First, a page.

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Why Content Marketing is the New Branding

Why Content Marketing is the New Branding

Branding isn’t your company name.  It’s not a tag line. It’s not a logo.

Branding is creating a perception.  It gets new customers over the sales hurdle of education.  It renews loyalty with existing customers. It creates envy among the competition.

When marketers ask, “How do we want to brand this product?” what they’re really asking is how they want their audience to think about that product once it comes to market.

A brand is a promise. It’s an expectation of an experience.

The company and tag line and logo and brand colors only exist to call that experience to mind; they do not create it.

Brands can meet that expectation, exceed that expectation … or in the worst cases, fall short of that expectation.  In crisis, brands can lose credibility in a heartbeat; but how brands react to crisis often means more in the long run than the crisis itself.

Volvo’s name is synonymous with safety, which makes it the quintessential consumer example.

Cisco’s “Human Network” stands out among business-to-business brands.  “Cisco makes products that make it possible for people to be connected, no matter how far apart they may be, geographically,” according to Forbes.

The Red Cross is a bellwether among nonprofits, with a brand that literally means help is on the way in times of crisis.

The very essence of brands doesn’t lie within your brand colors or site design, even though those are important.

The essence of a brand lies within its meaning. And words have meaning. Words matter.

Volvo’s meaning wasn’t derived from its logo, or even its product design, but by the constant stream of product reviews that published the data on crash tests year-in and year-out.

The brand was built, over time, by third-party validation communicated through third-party content. What other people said about Volvo created the meaning of that brand. The advertising Volvo did just reinforced that meaning.

The Rise of User-Generated Content

Google’s CEO, Eric Schmidt, is now famous for having said, “Every two days now we create as much information as we did from the dawn of civilization up until 2003.”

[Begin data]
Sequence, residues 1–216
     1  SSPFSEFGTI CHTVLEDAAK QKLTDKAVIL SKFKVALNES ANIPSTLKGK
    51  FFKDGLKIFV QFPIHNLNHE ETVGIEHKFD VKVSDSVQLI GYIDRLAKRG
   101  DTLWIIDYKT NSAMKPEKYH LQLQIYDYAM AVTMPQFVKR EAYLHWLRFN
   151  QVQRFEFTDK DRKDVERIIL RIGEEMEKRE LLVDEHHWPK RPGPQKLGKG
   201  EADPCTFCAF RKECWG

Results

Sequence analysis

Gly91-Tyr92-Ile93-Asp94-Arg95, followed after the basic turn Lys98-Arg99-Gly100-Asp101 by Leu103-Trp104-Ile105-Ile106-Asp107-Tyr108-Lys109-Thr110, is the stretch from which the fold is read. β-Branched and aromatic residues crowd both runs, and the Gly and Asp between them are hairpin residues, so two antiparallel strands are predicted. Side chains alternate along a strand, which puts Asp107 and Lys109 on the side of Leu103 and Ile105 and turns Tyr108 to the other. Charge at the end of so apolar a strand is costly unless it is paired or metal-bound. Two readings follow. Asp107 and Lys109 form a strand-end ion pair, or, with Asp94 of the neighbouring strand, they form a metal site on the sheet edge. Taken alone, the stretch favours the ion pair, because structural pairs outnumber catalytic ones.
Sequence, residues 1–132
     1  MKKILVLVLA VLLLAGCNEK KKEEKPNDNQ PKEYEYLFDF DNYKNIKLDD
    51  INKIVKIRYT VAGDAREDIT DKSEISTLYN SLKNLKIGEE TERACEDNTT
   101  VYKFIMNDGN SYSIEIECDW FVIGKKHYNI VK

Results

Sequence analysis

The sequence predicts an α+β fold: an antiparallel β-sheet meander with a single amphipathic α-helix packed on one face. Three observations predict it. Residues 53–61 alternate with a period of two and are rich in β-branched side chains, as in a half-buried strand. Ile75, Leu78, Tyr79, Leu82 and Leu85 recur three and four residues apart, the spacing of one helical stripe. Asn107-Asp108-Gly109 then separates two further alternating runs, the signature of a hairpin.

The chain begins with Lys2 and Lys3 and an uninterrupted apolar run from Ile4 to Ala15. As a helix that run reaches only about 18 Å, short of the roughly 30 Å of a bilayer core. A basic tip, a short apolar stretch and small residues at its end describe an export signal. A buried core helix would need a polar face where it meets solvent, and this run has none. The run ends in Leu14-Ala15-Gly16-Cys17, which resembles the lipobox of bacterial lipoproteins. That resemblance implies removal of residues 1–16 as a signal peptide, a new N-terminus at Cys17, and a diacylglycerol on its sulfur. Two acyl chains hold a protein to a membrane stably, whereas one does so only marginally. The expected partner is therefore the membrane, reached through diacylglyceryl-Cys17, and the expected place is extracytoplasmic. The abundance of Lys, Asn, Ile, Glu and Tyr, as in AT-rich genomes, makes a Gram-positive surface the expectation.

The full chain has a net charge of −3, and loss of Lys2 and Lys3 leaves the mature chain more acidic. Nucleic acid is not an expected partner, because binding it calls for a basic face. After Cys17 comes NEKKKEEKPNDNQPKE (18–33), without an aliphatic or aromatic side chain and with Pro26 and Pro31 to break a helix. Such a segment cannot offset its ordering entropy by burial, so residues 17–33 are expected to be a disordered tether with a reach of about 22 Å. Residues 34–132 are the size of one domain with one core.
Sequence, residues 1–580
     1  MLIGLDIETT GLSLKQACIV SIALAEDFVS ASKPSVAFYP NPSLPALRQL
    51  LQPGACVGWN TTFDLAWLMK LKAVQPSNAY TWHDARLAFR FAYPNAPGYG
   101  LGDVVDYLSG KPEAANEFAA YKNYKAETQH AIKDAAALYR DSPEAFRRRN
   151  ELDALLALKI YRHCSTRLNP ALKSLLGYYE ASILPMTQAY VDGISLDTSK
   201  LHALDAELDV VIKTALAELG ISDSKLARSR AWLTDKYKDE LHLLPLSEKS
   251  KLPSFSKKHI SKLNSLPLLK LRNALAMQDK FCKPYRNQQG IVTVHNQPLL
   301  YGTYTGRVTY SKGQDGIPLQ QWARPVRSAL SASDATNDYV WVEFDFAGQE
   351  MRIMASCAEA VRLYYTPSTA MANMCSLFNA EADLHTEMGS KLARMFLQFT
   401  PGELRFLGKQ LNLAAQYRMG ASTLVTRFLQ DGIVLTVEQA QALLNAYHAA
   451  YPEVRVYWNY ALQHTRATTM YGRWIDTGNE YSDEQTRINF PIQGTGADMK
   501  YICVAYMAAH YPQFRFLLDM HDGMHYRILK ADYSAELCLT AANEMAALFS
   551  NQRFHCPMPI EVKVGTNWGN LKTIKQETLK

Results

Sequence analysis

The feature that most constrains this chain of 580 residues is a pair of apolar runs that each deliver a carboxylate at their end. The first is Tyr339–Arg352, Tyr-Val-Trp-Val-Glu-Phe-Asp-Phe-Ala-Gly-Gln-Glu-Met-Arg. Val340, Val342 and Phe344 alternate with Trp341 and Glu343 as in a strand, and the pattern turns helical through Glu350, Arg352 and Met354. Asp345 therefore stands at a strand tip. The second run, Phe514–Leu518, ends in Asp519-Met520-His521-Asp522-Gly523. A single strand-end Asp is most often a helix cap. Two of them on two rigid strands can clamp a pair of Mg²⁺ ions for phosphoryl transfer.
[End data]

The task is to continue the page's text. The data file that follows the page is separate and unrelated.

As marketers, we try to convince customers and prospects to generate content about our brands. In other words, to talk about us. To create a Volvo-like experience where the meaning of our brand comes from how others perceive us.

How do we inspire people to generate content? To talk about us on Facebook and Twitter, to increase our audience?

Increasingly, we inspire our customers with brand experiences and by publishing our own content.

The uninitiated customer is no more inclined to mention a brand than talk to the shy person tucked quietly in the corner at a cocktail party. If we want our customers to engage us, or our products and services, we have to contribute to the conversation.

Content is Currency 

Content, as Brian Solis says, is currency, bartered in exchange for someone’s attention.

That currency becomes more valuable every time it’s shared by someone other than ourselves.

Those shares might be validation. There might be debate. There might be disagreement. There might even be a trough of disillusionment.

It’s our job to create content worth sharing. How it’s shared isn’t up to us.

Our job is to figure out what types of content are most valuable to your audience — and most likely to be shared. And then to gather the resources to produce the best content you possibly can.

‘No Comment’ is a Missed Opportunity

Every smart crisis communications professional knows that “no comment” creates a vacuum where everyone — except the person or organization in crisis — will be able to shape the conversation.